Information on the Brain Syndrome, Dementia with Lewy Bodies

Symptoms, Diagnosis, and Treatment of Dementia with Lewy Bodies

Germany Copes With Growing Alzheimer And Dementia Cases. Credit: Alexandra Beier / Contributor / Getty Images

Although you may not be as familiar with Dementia with Lewy bodies, as you are with Alzheimer's disease, it's the second most common type of dementia.

Let's learn about the basics of Dementia with Lewy Bodies in this question and answer style format.

What is Dementia with Lewy Bodies?

Dementia with Lewy Bodies, or DLB, refers to a type of dementia associated with abnormal protein deposits in the brain, called Lewy bodies, which affect how the brain functions.

What are the Common Symptoms of Dementia with Lewy Bodies?

 People with Dementia with Lewy Bodies commonly experience these symptoms:

  • Fluctuations in thinking, visuospatial ability, and information processing associated with difficulty speaking, finding words and recognizing things.
  • Fluctuating alertness — for example, a person may become extremely drowsy, then suddenly have a burst of energy, making it difficult for family members to evaluate how their relative is doing.

  • Problems with memory, which tend to occur later in the disease.
  • Movement problems, like stooped posture and lack of facial expression — most have symptoms of parkinsonism, meaning resembling those of Parkinson's disease.
  • Recurrent visual hallucinations, especially of people and animals. These often provoke an emotional reaction, even though the person knows they are not real.
  • REM Sleep Behavior Disorder, in which a person may act out their vivid dreams.
  • Behavioral and mood symptoms, including frequent falls, depression, and having delusions.
  • Changes in autonomic body functions, such as blood pressure control, temperature regulation, and bladder and bowel function.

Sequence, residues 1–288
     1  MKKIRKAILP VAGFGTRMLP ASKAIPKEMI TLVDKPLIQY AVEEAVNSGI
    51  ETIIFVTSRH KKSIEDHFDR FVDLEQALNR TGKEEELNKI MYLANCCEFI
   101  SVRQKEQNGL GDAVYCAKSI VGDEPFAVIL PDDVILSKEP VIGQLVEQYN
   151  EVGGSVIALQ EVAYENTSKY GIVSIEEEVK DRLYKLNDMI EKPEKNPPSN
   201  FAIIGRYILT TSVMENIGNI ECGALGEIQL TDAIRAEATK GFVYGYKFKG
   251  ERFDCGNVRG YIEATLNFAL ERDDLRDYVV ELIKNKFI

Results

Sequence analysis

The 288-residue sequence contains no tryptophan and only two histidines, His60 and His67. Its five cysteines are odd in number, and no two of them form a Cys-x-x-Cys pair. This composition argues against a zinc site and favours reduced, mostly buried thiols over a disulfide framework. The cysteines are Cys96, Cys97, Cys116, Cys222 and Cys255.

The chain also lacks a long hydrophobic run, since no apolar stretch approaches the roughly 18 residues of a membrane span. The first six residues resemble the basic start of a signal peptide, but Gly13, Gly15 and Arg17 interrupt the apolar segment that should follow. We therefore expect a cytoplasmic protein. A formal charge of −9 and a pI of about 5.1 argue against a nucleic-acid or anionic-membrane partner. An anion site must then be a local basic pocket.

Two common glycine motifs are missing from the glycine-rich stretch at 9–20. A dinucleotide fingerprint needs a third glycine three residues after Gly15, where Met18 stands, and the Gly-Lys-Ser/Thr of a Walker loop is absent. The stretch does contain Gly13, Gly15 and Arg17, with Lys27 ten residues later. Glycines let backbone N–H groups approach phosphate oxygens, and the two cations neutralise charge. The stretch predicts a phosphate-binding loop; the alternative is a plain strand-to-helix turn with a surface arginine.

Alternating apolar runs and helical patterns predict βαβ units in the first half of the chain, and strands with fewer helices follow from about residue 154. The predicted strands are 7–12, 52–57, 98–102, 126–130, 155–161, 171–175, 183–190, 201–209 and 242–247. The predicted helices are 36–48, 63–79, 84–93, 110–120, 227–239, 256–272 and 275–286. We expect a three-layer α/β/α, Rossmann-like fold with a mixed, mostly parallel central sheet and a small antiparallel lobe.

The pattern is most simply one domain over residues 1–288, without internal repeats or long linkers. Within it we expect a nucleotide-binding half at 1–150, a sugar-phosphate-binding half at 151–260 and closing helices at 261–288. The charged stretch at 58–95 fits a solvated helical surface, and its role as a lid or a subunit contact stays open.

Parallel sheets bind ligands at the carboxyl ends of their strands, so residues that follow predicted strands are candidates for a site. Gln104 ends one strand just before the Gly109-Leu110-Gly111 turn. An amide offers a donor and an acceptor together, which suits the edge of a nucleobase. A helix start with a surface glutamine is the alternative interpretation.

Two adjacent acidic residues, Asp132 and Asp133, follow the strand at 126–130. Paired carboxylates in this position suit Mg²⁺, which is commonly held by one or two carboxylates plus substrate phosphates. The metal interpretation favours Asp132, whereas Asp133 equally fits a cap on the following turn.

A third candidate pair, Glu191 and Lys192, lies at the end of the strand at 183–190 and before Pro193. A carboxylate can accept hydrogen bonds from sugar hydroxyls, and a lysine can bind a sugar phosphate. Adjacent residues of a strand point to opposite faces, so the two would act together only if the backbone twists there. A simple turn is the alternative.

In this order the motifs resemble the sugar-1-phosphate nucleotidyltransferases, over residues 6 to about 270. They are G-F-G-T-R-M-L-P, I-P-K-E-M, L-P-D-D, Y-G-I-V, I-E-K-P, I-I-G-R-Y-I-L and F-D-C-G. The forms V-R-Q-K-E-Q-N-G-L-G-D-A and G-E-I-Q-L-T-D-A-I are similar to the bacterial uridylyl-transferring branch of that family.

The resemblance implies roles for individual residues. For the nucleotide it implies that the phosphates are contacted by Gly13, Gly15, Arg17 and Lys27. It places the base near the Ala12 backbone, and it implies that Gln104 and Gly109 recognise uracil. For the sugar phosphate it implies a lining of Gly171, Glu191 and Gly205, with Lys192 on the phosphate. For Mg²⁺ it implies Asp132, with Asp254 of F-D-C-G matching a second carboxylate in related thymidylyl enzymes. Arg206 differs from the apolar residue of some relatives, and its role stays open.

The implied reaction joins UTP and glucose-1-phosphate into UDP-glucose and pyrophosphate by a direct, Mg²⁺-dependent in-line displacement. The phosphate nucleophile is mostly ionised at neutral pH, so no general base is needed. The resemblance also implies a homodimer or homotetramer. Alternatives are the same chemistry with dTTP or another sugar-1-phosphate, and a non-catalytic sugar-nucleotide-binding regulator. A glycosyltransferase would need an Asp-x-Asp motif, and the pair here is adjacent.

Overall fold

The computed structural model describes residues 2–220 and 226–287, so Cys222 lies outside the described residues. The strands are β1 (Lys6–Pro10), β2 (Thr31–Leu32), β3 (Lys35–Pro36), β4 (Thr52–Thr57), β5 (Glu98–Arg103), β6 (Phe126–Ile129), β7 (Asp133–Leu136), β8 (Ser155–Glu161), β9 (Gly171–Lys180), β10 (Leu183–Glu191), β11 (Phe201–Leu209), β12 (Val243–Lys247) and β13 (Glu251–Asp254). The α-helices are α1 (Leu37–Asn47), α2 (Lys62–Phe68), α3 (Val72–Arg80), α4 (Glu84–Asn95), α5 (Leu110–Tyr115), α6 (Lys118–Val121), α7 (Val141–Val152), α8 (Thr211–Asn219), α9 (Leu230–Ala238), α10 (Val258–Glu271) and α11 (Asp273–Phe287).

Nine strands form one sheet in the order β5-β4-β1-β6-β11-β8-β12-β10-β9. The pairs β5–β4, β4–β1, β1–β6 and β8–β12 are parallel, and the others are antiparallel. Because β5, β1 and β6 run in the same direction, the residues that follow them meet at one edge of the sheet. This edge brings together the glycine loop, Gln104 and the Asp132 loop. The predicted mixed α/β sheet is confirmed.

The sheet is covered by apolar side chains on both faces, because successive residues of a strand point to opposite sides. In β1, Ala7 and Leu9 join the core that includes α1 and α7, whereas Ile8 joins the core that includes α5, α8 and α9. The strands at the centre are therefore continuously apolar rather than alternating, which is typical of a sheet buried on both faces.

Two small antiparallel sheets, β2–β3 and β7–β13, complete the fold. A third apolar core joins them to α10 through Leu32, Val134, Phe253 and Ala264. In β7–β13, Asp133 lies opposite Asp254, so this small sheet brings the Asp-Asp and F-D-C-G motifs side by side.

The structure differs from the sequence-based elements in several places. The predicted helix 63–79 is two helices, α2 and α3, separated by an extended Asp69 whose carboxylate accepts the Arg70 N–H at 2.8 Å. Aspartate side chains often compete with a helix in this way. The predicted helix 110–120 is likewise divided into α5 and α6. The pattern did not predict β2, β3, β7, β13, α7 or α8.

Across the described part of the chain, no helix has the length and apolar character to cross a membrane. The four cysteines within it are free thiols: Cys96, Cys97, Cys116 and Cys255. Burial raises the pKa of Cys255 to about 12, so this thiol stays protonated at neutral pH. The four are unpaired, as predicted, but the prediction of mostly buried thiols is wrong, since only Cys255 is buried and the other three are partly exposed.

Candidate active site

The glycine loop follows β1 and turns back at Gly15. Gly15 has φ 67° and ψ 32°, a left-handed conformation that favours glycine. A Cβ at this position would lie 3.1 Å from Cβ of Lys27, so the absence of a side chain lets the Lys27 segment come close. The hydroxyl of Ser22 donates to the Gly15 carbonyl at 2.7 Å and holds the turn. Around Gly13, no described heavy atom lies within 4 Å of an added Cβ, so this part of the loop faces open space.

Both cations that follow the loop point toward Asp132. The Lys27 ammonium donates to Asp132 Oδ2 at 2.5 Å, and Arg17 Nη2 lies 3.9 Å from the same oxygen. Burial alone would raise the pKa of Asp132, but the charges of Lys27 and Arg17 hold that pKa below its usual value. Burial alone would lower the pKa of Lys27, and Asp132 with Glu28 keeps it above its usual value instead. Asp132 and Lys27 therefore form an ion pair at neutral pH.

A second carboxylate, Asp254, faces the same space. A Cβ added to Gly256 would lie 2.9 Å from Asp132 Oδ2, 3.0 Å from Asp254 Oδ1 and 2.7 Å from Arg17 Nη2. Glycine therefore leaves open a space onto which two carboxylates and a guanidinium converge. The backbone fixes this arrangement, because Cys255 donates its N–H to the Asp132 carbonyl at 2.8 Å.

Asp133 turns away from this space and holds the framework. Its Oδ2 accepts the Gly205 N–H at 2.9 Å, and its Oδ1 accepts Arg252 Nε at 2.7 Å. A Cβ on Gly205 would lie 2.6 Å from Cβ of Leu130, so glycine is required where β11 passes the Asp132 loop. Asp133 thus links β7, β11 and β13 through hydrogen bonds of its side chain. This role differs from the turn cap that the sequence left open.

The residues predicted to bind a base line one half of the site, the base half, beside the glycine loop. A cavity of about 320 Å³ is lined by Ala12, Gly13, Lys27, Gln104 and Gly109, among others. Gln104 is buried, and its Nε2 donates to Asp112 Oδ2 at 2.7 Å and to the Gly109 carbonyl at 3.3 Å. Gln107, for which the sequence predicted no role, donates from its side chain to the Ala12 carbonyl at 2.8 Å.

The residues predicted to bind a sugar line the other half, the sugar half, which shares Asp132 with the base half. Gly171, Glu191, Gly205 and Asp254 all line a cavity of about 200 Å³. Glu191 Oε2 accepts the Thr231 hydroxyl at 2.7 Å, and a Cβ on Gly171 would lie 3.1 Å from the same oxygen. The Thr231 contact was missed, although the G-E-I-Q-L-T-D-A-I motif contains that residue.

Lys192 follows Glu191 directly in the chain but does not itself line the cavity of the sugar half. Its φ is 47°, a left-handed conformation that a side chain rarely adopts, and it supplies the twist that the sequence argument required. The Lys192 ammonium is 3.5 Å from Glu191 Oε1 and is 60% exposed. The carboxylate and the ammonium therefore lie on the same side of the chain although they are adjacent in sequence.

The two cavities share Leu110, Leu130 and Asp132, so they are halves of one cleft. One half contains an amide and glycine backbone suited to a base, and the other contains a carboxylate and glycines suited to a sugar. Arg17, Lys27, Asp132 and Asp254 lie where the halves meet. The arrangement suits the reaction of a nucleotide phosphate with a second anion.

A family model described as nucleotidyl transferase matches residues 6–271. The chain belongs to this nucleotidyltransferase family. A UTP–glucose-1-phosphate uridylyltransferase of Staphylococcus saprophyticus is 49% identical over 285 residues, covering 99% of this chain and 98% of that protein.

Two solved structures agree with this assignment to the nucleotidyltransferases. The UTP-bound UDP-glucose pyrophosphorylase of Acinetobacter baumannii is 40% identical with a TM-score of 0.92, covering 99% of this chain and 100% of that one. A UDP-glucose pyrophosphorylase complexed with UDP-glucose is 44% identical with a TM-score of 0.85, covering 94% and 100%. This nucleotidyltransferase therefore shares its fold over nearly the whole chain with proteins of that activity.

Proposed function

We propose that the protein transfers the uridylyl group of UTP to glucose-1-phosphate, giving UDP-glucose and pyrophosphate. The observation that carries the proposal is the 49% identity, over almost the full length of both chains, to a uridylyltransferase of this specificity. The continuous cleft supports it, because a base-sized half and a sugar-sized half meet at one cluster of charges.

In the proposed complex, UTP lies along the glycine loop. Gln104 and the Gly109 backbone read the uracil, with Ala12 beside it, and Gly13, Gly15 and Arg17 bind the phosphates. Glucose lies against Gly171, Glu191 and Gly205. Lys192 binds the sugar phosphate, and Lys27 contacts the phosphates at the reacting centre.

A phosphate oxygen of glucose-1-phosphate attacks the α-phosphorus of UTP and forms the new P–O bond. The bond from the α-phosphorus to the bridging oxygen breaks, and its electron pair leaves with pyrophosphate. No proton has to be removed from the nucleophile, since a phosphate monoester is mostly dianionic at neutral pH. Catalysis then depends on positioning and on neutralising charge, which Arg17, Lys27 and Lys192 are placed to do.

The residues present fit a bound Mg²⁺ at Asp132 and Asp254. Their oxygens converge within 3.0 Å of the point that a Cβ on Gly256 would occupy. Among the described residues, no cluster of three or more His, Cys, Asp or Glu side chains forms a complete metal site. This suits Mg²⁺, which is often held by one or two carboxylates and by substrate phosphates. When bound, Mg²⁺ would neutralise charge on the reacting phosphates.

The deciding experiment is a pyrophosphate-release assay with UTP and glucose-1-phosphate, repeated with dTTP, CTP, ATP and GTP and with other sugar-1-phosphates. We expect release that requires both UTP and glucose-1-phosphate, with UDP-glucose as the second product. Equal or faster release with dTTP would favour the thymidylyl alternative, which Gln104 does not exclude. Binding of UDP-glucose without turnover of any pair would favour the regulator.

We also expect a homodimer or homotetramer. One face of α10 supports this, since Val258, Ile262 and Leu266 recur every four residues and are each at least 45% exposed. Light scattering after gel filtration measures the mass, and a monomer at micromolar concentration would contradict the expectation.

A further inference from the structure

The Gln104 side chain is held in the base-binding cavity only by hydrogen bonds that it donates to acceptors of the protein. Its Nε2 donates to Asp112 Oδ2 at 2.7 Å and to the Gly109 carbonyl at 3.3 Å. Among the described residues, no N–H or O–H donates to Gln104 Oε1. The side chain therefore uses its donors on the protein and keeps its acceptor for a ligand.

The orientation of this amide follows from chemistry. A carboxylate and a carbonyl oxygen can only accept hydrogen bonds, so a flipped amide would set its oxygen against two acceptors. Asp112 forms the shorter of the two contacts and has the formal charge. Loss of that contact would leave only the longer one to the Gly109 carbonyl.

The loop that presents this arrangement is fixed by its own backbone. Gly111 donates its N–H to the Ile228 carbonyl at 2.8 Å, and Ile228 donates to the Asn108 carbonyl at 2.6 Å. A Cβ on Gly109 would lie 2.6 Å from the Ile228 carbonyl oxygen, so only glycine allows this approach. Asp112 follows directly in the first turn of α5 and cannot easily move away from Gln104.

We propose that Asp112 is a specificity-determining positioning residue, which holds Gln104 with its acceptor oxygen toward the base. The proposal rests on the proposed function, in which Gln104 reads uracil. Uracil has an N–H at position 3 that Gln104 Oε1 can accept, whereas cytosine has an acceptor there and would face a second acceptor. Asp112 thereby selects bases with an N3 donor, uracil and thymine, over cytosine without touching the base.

Diagnosis of Dementia with Lewy Bodies

No singular test can definitively diagnose Dementia with Lewy Bodies, as Lewy bodies can only be identified through a brain autopsy.

As with Alzheimer's disease, a complete diagnostic workup should be performed in order to rule out other possible causes of the person's symptoms. This includes a magnetic resonance imaging (MRI) or computed tomography (CT) scan of the brain.  Other neuroimaging tests like a single photon emission CT (SPECT) may be helpful in making the diagnosis. 

Treatment for Dementia with Lewy Bodies

There is currently no cure for Dementia with Lewy Bodies, but there are medications that can help with symptom management. While no drugs have been approved by the FDA to specifically treat it, Alzheimer's treatments have been shown to be helpful.

It's interesting to note that some researchers have found that those with Dementia with Lewy Bodies respond better to cholinesterase inhibitors, like Aricept (donepezil), Exelon (rivastigmine), and Razadyne (galantamine), than those with Alzheimer's disease.

Because individuals with Dementia with Lewy Bodies often have Parkinson's-like movement problems, medications for Parkinson's disease can sometimes treat related symptoms.

However, they can also increase confusiondelusions, and hallucinations, so are used carefully and with close monitoring by a person's doctor.

Behavior management strategies are also useful for managing the difficult behavioral symptoms of Dementia with Lewy Bodies. For instance, physical therapy and speech therapy are often useful. Simple strategies, like reducing caffeine intake and providing relaxing activities in the evening, may improve sleep patterns and decrease violent outbursts during the night. 

In addition, antidepressants, like selective serotonin reuptake inhibitors, or SSRIs, can be used to treat the depression associated with Dementia with Lewy Bodies. 

What Does This Mean for Me or My Loved One?

If you or a loved one has been diagnosed with Dementia with Lewy Bodies, be sure to address all your concerns and questions with your doctor. It's also a good idea to consider having a family meeting if you are ready and comfortable. This way you can discuss issues, like goals of care and treatment expectations. 


Alzheimer's Association. (2015). Dementia with Lewy bodies. Retrieved November 21st 2015. 

Lewy Body Dementia Association. Learn about LBD: Treatment. Retrieved November 21st 2015. 

Zupancic M, Mahajan A & Handa K. Dementia with lewy bodies: diagnosis and management for primary care providers. Prim Care Companion CND Disord. 2011;13(5).

Continue Reading